In my or­gan­i­sa­tion’s at­tempts to as­sess in­equal­ity in the health sec­tor, we have also been ham­pered by the un­will­ing­ness of the gov­ern­ment to pro­vide data about the chang­ing dis­tri­bu­tion of health work­ers since 2013.

Our at­tempts to dis­cuss the dis­tri­bu­tion of na­tional spend­ing across ge­o­graph­i­cal units is also con­strained by poor data. While the Na­tional Trea­sury has be­gun to make more in­for­ma­tion avail­able about the dis­tri­bu­tion of na­tional in­fra­struc­ture projects, enor­mous gaps re­main.

For ex­am­ple, ma­jor trans­port projects are high­lighted in the 2016/17 line item bud­get, but large spend­ing pro­grammes, such as the Ksh22 bil­lion for low vol­ume seal roads, are just pre­sented as lump sums, with no dis­tri­bu­tional in­for­ma­tion at all.

Even for those spe­cific projects we can iden­tify, there is no in­for­ma­tion about how the gov­ern­ment thinks about fair­ness. For ex­am­ple, we can ex­pect road fund­ing to be dis­trib­uted ac­cord­ing to a mea­sure of the cap­i­tal in­vest­ment back­log around the coun­try, but there is no pub­lic in­di­ca­tion of whether this is the case, and if it is, how the gov­ern­ment mea­sures that back­log.

This in­for­ma­tion mat­ters be­cause it helps to clar­ify whether dif­fer­ent claims about un­equal treat­ment are valid. In Kenya, it is cheap and easy to make claims of marginal­i­sa­tion. But the data be­hind these claims is what al­lows for a more rea­son­able pub­lic dis­course in

Kenya’s dis­en­chanted are un­will­ing to en­gage in the hard work of ad­vo­cacy when poli­cies are be­ing drafted.” Ma­jor trans­port projects are high­lighted in the 2016/17 line item bud­get, but large spend­ing pro­grammes, such as the Ksh22 bil­lion for low vol­ume seal roads, are just pre­sented as lump sums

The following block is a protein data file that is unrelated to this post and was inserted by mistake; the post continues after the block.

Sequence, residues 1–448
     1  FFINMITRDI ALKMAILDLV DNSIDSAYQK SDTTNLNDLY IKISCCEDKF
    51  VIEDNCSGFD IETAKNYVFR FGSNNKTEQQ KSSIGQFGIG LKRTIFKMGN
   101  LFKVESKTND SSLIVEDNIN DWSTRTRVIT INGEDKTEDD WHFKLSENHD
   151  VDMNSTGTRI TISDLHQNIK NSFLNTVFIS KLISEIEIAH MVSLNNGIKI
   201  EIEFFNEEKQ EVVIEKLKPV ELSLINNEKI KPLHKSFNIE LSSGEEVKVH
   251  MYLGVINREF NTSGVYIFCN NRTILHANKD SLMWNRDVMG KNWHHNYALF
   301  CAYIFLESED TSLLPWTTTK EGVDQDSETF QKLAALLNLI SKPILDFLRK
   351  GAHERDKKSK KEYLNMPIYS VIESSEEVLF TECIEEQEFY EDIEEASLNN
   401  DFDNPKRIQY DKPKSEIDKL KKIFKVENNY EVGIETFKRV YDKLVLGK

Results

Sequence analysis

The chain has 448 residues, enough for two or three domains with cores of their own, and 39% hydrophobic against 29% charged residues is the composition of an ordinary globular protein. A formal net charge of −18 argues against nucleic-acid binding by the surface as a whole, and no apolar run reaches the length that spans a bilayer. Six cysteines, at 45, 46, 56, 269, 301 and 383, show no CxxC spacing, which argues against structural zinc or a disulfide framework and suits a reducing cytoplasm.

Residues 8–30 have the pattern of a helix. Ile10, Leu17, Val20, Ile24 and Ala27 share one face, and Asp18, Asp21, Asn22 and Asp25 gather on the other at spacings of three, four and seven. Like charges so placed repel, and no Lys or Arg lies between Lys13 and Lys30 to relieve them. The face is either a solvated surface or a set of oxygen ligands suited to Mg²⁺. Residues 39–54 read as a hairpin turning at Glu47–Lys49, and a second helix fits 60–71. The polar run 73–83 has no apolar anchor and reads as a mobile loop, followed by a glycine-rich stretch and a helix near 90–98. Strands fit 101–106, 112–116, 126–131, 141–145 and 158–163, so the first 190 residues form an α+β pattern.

which ne­go­ti­a­tions can take place and griev­ances can be ad­dressed. With­out this, ev­ery­one’s claim to be marginalised is equally jus­ti­fied and un­chal­lenge­able.

This kind of data also al­lows us to have a bet­ter con­ver­sa­tion about the scale of the chal­lenge and how to ad­dress it. For too long, ef­forts to ad­dress in­equal­ity in Kenya, such as the Equal­iza­tion Fund, have been too small rel­a­tive to the size of the prob­lem.

Like the CDF, the EF cre­ates un­rea­son­able ex­pec­ta­tions given its mag­ni­tude. But this is not easy to see be­cause of the lack of a clear con­nec­tion be­tween pol­icy choices and the size of the gaps these poli­cies are meant to fill.

Equity Week is an op­por­tu­nity to con­front these chal­lenges squarely. I en­cour­age cit­i­zens, gov­ern­ment and the me­dia to par­tic­i­pate ac­tively. Ja­son Lakin is head of re­search for the In­ter­na­tional Bud­get Part­ner­ship. E-mail: ja­son.lakin@gmail.com

Pic­ture:file

A foot­bridge constructed at for­mer Cas­tle Brew­eries plant along Thika road. Its lo­ca­tion has been faulted due to its low pedes­trian traf­fic.